Give your gut a break. Lengthy fasts are not necessary, but giving your gut a break and laying off the mid meal snacks can tell your metabolism to use the fuel we all have plenty of… fat! If you’re hungry before mealtime,  choose a small nutrient dense snack that can get you to you the next meal. Some great small snacks that stop the growling are:

  • Boiled eggs
  • Macadamia nuts, walnuts, almonds, Brazil nuts
  • Celery with almond butter
  • Hard cheeses

Get enough sleep. Your body does a lot of work at rest. You aren’t digesting and the gut can rest. Getting sufficient sleep lets you stay in a fasted state where your body is using fat stores rather than carbohydrates from your last meal. Waking up without having to immediately get a meal is a good sign you are functioning on fat stores.

fat graphYou can also train your body to use fat stores through training! Before we get fast, we have to lay the groundwork. Being a metabolically efficient athlete means we have the foundation of which speed is built upon. To find out where you are as a fat burner you will need the help of my friends at Athletic Mentors to perform a metabolic efficiency assessment. You can do this as a runner or cyclist, whichever area you want to become more efficient in. By doing this assessment you will learn what are the most fuel efficient heart rate zone for you. Athletic Mentors can teach you how to build your foundation and reach your full potential. They are currently offering group classes to teach you how to use your own data. They will teach you how to fuel and train for metabolic efficiency. The next Metabolic Efficiency Class will be held May 11th, at 6pm.

100 miler

Zach Bitter, world record holder as the fastest 100 miler on a track, is known for his fat fueled success.

You are meant to burn fats. The average American diet has allowed us to become dependent on carbohydrates to get us through the day, our workouts and races. Take a day to learn about your metabolism, and what you can do to stay healthy and burn the fuel that your body was meant to use. Metabolic efficiency training can help you stabilize your blood sugars, give you steady energy, lose body fat and allow you to run faster at a lower heart rate. All great results, so think about incorporating ME training into your base training. All you really need to start your ME training once you get the test, is your running shoes, a heart rate monitor and your body fat.

If you have questions, or want to schedule a test check out the website at www.athleticmentors.com or contact erin@athleticmentors.com with any questions about metabolic efficiency testing.



Pressing the Reset Button

March 3rd, 2017 by Kaitlyn Patterson

By Kaitlyn Patterson, Team Athletic Mentors Cyclist

An off-season has been a foreign concept for me for the past several years. The rollerskis (or real skis) would come out just after Iceman and ski race season would be in full force as soon after. And by the time the last xc ski race was over in March, it was already cycling season. I’m still not sure how I managed to avoid getting totally burnt out pulling this off several consecutive years, but I am very thankful for my string of healthy seasons. But with the move to Ann Arbor and school demands, I can manage being a cyclist but not a skier. And after a fall of balancing the first semester of medical school with mountain bike racing and then the Zwift Academy competition, I was pretty toasted and ready for a break.

I took some time totally off the bike and got in some skiing in December before the big January thaw. I didn’t do anything structured or hard, nor did I want to.  I did have a few things I wanted to accomplish off the bike. My first goal was to put myself back together so I could do real runs. I injured my IT band at the GR Tri in 2015 and haven’t been able to tolerate much running since. It didn’t bother me on the bike so I admittedly put it on the backburner and just didn’t run. It didn’t get worse but also didn’t get better. Some concentrated rehab on my hip flexor flexibility and abductor strength the past few months has been very successful and I’ve been able to build up to 6-8 miles every other day.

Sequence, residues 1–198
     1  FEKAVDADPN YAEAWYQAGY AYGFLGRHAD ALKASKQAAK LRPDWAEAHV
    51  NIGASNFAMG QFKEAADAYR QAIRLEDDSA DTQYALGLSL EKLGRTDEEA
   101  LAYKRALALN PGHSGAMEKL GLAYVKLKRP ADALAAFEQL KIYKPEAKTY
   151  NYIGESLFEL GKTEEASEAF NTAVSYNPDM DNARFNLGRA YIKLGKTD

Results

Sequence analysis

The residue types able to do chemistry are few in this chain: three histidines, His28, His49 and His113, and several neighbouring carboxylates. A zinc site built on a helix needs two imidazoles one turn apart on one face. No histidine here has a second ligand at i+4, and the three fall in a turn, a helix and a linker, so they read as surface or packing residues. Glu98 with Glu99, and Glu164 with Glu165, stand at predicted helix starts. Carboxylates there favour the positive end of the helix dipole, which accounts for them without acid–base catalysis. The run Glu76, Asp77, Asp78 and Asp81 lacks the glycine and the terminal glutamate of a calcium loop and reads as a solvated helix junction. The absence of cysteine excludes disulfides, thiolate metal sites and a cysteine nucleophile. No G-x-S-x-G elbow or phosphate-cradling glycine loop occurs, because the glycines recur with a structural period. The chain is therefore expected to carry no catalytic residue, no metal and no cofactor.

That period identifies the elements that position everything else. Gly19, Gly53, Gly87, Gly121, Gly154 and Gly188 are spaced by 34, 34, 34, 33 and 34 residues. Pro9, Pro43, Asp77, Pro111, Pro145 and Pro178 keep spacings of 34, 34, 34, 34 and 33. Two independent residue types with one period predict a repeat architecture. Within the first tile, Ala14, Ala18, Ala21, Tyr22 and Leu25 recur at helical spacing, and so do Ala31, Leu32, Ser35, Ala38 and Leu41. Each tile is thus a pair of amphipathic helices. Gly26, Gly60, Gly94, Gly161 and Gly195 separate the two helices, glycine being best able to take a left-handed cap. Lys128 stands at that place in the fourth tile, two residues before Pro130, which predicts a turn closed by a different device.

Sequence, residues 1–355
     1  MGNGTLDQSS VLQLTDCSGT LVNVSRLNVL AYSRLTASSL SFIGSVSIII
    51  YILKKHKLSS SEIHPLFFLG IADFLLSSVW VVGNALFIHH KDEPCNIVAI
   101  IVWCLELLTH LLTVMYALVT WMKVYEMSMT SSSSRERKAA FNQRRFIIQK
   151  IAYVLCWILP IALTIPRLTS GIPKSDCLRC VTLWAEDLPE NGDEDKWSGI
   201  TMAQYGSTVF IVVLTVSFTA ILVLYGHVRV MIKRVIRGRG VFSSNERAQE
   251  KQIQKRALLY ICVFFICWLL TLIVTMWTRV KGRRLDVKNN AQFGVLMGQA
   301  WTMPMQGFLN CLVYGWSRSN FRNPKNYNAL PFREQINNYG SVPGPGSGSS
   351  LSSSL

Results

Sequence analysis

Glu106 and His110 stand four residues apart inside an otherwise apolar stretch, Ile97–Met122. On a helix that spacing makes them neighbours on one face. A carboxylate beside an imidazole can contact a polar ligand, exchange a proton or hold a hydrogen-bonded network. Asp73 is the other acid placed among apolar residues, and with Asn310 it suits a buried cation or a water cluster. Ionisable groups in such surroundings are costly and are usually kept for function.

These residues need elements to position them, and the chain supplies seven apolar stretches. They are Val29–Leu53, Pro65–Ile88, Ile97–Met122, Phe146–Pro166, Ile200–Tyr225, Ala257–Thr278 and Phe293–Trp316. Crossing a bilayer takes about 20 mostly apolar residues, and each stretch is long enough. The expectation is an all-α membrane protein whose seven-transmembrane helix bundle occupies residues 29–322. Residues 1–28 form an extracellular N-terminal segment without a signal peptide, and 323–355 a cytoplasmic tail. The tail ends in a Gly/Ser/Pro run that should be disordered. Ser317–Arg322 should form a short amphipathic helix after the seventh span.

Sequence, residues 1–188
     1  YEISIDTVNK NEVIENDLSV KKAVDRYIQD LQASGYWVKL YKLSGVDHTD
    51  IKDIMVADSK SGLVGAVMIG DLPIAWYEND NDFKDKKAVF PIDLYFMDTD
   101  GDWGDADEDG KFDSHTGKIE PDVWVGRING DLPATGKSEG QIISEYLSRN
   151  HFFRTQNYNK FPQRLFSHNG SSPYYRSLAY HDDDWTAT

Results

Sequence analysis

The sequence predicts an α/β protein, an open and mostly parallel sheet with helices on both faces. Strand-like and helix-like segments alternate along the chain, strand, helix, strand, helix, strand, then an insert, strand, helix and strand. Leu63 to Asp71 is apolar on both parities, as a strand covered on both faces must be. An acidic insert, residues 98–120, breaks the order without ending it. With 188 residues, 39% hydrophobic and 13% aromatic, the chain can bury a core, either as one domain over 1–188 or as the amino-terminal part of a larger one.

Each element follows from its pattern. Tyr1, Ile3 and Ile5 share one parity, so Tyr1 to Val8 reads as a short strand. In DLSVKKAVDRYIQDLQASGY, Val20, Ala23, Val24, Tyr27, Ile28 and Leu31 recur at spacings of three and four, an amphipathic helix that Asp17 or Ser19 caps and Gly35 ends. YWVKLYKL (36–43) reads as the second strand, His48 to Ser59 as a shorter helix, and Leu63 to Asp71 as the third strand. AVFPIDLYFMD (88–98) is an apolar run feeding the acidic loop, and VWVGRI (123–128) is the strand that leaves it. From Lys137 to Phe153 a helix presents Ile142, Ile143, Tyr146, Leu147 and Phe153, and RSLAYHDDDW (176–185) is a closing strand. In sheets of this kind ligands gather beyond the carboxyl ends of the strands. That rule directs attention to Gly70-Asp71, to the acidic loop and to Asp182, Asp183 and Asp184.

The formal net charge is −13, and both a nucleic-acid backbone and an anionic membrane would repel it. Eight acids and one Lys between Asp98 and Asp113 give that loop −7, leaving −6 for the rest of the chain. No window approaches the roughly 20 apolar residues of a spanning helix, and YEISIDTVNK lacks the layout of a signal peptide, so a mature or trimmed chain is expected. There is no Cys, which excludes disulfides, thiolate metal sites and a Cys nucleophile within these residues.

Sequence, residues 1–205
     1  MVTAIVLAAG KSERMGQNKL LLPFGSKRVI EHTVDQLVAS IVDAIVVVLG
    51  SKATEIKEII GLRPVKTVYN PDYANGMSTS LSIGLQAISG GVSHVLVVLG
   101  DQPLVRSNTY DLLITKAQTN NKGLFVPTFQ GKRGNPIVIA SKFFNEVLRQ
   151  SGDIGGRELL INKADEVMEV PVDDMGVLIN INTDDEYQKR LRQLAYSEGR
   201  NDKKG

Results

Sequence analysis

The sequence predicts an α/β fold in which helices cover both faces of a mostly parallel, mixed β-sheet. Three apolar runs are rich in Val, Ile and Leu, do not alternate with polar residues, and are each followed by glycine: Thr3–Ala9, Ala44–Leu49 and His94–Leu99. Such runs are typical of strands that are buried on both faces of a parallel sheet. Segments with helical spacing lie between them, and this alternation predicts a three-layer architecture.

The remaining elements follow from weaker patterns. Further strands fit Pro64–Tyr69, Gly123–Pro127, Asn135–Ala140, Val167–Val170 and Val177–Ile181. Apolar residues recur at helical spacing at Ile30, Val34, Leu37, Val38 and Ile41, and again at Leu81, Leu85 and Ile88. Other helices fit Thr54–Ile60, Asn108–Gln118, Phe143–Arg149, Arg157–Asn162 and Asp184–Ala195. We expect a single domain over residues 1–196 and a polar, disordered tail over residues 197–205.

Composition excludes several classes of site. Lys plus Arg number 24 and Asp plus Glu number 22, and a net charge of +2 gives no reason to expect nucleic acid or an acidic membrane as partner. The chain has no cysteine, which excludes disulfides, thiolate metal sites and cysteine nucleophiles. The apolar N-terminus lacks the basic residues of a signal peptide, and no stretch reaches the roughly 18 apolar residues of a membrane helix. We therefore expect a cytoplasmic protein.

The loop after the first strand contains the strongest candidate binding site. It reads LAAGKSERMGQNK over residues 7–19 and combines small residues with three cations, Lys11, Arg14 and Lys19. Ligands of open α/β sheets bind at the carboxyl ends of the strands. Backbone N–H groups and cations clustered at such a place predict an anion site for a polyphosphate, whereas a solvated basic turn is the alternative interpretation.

It feels great to be running again and pretty nostalgic since I’m back in Ann Arbor.  I’ve been running variations on the same well-traveled routes from my collegiate running career, albeit not quite as

Flashbacks of my previous life

Flashbacks of my previous life

fast or not quite as long. It has definitely helped to fill the void of not being able to ski or ride outside much.

I’ve also spent more committed time in the weight room since strength is definitely my weakness. I am slow twitch through and through. I’ve historically not been a fan of lifting because I haven’t seen it translate to improvements but I also haven’t previously committed enough to see results. This time is more enjoyable and it helps that I have a readily accessible gym and it has helped me get back running already. I think strength training can be a hard thing for a lot of cyclists and multisport athletes to commit to, but it really does translate to being more injury resistant and keeping control and form on the bike.

The remainder of my training time is spent on Zwift. I actually don’t mind the trainer and my cold tolerance for riding outside is pretty wimpy.  The trainer also has the added benefit of allowing me to listen to lectures and material while I ride.

I definitely miss cross country ski racing and the ski community but it has been nice to have some time to not have to be on top of my game all the time.  Sometimes a reset button is necessary and even enjoyable. And by the time spring rolls around, I’m going to be itching to race!

Making It Work

January 20th, 2017 by Kaitlyn Patterson

–By Alex Vanias, Nordic Skier and Cyclist

I moved to Ann Arbor around the beginning of August. It isn’t the most optimal place to be a cross country skier, but I’m making it work. It took me about a month to find some convenient roads and trails to roller ski, but unfortunately after the time change in the fall I would get kicked out of said parks at sunset. Apparently downstaters are scared of the dark… Ok, I’ll go play with the cars. So much safer! It took me a few more weeks in November to find new roads with minimal traffic. I ended up finding some great suburbs with minimal traffic and nice pavement. The only annoying part about suburbs is that between 5-8pm after work, everywhere I go smells like dinner and it absolutely kills me when I’m starving a couple hours into a workout.